Audrey Watters – Yes she criticized Diane, but she is very active in the hacked education movement, and I would consider her a deep thinker on the subject. Good for the theory part.

Gary Stager – Another deep thinker. He is a follower of Seymour Paparet, a professor at MIT who brought us “Constructivism” a theory of education that students learn by constructing. Paparet also invented Logo, and one of the earliest education robots, the Turtle. Stager is firmly in the progressive education camp. Audrey pushed his book (co-authored with his wife Sylvia Martinez) in her book review.

Ira Socal – He doesn’t write as often, but Ira is a Special Education professor and is very concerned with adaptive technology issues, and open source versions. He is in the deep thinker camp, because his posts are infused with a lot of theory. His background is very progressive and includes time in a Summerhill school.

Bill Ferriter – Moving down to the applied folks, Bill Ferriter is an NBCT in North Carolina (not an easy place to teach these days). He teaches middle-school science and uses a lot of technology integration that is free and available (like having kids use their cell-phones in class). If you’re looking for how someone makes this work, he’s the man.

Larry Ferlazzo – Larry has a skeptical outlook on education technology, but made his name in blogging using online tools (free!) to help new immigrants learn English. He still does posts on free online ed tech tools. His is more of a resource with links, rather than a how-to, (although there are some links to those). He likes to find tools that don’t require a lot of planning or work to use, so he provides really easy entry points.

Richard Byrne – Another blog with lots of links to online tools. Although you will see many ads on the side for ed tech, note that the pages along the top are not for how to test kids, or use an Interactive White Board, but things like making videos, blogs, etc. that have kids creating stuff. That’s progressive.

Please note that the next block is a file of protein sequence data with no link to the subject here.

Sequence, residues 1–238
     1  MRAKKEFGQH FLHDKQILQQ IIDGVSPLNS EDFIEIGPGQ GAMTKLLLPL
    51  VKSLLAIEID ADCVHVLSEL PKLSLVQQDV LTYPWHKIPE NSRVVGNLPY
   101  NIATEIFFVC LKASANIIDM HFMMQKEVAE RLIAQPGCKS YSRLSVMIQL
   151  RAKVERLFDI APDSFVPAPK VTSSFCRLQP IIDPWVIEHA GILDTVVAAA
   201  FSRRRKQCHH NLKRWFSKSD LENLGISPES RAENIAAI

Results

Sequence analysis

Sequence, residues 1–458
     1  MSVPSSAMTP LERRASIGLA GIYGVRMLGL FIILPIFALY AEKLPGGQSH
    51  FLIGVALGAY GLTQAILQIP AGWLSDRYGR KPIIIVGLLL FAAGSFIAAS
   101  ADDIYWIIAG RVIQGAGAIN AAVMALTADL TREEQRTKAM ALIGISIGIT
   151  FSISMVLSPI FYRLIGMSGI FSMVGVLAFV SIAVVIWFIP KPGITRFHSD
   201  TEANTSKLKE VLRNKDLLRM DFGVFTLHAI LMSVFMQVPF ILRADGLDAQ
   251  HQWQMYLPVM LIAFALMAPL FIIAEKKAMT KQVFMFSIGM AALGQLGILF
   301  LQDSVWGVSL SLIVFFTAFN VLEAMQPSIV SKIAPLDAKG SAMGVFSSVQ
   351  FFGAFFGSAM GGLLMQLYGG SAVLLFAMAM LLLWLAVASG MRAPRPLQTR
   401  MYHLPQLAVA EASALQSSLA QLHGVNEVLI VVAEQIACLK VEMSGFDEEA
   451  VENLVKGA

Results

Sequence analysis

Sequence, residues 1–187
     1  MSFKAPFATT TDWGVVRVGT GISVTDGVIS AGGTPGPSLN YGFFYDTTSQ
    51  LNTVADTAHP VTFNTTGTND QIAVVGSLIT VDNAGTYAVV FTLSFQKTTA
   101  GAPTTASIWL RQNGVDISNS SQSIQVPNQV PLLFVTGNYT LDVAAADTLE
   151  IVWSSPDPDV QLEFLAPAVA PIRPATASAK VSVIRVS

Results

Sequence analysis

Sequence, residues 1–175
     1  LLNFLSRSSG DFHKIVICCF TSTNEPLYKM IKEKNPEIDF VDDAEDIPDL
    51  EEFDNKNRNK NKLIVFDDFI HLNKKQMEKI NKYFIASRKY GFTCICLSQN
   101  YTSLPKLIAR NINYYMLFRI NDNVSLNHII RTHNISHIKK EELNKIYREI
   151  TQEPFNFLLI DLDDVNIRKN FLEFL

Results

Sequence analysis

5 Comments to

“Diane Ravitch Reign of Error Review”

  1. September 29th, 2013 at 12:45 am      Reply chemtchr Says:

    I wish there was some way to have conversations with Audrey Watters, or in fact with anybody involved in this “maker culture” movement.

    Audrey complains Diane Ravitch’s call-to-political-power doesn’t sufficiently address all the unfulfilled possibilities creative techies see in education technologies:
    “I don’t think we do anyone any service by neglecting nuance around education technology – it’s neither wholly corporate enslavement nor wholly liberatory. ”

    Is this what she means?

    And is this?

    The latter is what rolled out in my district on Friday. All teachers, from primary onward, were ordered to pilot test it on our live students four times this year, through online assessments that will be stored in the Edwin instrument, to become part of each student’s permanent data file. My student rosters, their actual names, were already in the system, and so was I.

    I questioned out loud whether it is educationally sound to demand that daily decisions about each child’s learning had to be data-driven through the interface with this program, as was being demanded. I asked where the data was going, and for how long, and whether the data on emerging English students or special ed might compromise a student’s future educational opportunities, and whether parents were being informed. I am very brave, but even I feel a little sick from being so exposed to retaliation.

    Unfortunately, in these times of very real “corporate enslavement”, actual teachers don’t have much luxury to consider edtech from a constructivist learning perspective.